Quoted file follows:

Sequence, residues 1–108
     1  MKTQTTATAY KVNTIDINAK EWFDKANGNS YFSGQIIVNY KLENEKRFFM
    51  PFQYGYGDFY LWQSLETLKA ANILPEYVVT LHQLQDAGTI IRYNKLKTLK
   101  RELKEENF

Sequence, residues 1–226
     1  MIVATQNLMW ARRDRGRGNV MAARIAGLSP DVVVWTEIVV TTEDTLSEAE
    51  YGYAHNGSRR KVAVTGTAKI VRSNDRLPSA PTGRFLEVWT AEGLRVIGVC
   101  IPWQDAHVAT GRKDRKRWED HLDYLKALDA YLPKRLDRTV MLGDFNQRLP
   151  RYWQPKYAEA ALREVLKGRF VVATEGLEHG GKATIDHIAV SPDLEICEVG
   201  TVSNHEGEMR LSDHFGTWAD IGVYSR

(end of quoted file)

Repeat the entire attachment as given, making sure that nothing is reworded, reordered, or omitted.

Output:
Sequence, residues 1–108
     1  MKTQTTATAY KVNTIDINAK EWFDKANGNS YFSGQIIVNY KLENEKRFFM
    51  PFQYGYGDFY LWQSLETLKA ANILPEYVVT LHQLQDAGTI IRYNKLKTLK
   101  RELKEENF

Sequence, residues 1–226
     1  MIVATQNLMW ARRDRGRGNV MAARIAGLSP DVVVWTEIVV TTEDTLSEAE
    51  YGYAHNGSRR KVAVTGTAKI VRSNDRLPSA PTGRFLEVWT AEGLRVIGVC
   101  IPWQDAHVAT GRKDRKRWED HLDYLKALDA YLPKRLDRTV MLGDFNQRLP
   151  RYWQPKYAEA ALREVLKGRF VVATEGLEHG GKATIDHIAV SPDLEICEVG
   201  TVSNHEGEMR LSDHFGTWAD IGVYSR